Thursday, March 20, 2008

Can We Use Just One Lawyer for Both of Us?

In a word, NO!

There are several reasons why both parties can't use the same lawyer.

1. It is unethical in Texas for an attorney to give legal advice to two opposing parties in a dispute. An attorney will not risk his or her license to do that. Even if that were not the case, each party would still need a separate attorney.

2. The definition of Collaborative Law in the Texas statute, and the way Collaborative Law is practiced elsewhere, provides for each party to be represented by his or her own attorney. It is mandatory. If the parties want to negotiate and if one or both parties decide to proceed without an attorney, they can attempt to reach an agreement, but it would not be the Collaborative process.

3. Even if attorneys were not mandatory, there are good reasons for each party to hire one. Attorneys benefit their clients by performing the following services:

  • Advise the client on various issues, such as what a judge or the law might do in a given situation. Give some practical advice from experience in divorce or other family law matters.

  • Educate the client on how things work in the legal or family systems.

  • Motivate the client to keep working on a settlement, even when the going gets tough, which happens in many Collaborative cases. Remind the client about how bad the alternatives can be.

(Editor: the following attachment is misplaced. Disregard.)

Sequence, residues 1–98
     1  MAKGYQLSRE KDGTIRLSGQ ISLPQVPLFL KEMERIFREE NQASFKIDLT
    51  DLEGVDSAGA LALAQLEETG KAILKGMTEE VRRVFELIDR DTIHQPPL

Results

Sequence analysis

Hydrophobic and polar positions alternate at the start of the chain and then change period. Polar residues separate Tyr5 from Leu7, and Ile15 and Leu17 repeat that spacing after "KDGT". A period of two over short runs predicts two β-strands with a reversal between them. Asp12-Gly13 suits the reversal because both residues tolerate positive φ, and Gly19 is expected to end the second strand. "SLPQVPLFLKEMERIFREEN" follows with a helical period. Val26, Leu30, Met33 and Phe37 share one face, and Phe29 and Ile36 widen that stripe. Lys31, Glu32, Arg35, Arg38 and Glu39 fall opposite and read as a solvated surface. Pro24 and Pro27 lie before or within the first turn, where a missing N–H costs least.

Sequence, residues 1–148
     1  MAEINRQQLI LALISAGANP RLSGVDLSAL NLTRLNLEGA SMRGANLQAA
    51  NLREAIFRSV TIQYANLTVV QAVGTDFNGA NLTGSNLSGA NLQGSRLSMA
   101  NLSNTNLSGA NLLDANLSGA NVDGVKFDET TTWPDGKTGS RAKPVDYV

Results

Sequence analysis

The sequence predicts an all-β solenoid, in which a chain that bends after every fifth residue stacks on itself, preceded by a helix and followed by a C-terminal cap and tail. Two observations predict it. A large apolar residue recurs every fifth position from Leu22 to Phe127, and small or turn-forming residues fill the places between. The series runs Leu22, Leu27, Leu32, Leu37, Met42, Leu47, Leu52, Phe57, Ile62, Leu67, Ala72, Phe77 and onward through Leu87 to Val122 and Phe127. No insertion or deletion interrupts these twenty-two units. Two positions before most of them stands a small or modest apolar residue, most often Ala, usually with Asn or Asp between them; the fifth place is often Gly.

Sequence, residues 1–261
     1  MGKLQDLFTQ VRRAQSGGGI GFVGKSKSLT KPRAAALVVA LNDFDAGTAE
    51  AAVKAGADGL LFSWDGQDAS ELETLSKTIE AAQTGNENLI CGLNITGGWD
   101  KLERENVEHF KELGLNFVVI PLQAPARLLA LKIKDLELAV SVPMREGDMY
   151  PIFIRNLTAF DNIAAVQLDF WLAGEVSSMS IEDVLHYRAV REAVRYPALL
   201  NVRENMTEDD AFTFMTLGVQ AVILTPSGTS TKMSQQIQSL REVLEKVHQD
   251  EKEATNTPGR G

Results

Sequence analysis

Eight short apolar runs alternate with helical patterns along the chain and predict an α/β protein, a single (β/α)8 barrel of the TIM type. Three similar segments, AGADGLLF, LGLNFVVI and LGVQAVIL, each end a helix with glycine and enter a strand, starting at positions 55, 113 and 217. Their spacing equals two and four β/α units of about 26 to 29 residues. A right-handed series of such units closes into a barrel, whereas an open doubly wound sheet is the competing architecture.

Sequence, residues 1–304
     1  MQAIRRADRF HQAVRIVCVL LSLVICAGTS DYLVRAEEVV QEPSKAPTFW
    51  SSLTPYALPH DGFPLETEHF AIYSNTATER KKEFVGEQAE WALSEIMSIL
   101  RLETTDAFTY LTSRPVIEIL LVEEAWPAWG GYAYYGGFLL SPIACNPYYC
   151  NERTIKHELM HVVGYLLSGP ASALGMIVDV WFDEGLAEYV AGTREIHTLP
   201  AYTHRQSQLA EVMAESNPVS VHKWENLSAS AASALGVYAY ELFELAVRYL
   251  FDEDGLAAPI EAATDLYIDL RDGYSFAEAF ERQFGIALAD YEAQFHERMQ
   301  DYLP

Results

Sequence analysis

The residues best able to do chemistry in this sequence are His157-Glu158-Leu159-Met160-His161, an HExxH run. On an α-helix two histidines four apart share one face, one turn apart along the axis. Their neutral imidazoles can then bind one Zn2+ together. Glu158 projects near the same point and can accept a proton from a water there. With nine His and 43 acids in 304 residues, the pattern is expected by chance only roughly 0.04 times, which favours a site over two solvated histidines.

• Do the paperwork. Someone has to file the original petition for divorce, notify the court that the parties have agreed to use Collaborative procedure and file periodic reports with the court. Once agreement is reached, it will be necessary to do the final papers.

  • Be an advocate for the client, but in a different way than is common in litigation. In a Collaborative case, the parties do most of the talking at the joint meetings. Attorneys can provide some information and suggestions, but rarely speak for the client the same as they would if they were appearing in court or participating in settlement or mediation negotiations. Attorneys deal with the other professionals outside the meeting and help prepare the client for Collaboration.

  • Work with the other professionals. The attorney will help set up the process, organize and frame the issues and meet with the other professionals before and after the joint meetings.

  • Attorneys also help their clients stay connected to reality as they work through the Collaborative Law process. Sometimes parties can become unrealistic in their expectations of how the process will work. Some people start out thinking about how easy the process will be and then become upset if it slows down. Attorneys can remind the parties about the various problems that may come up, so there are few surprises.

  • Attorneys also help maintain a balance of power between the sessions. If only one party had an attorney, the other party might feel intimidated and certainly would lack the information and understanding needed to have fairly equal parties.

You can handle your own divorce without a lawyer in Texas, if you prefer, but it just can't be a Collaborative divorce. Each party must be represented by a separate attorney for the Collaborative approach to be used and to get a better result for both parties.

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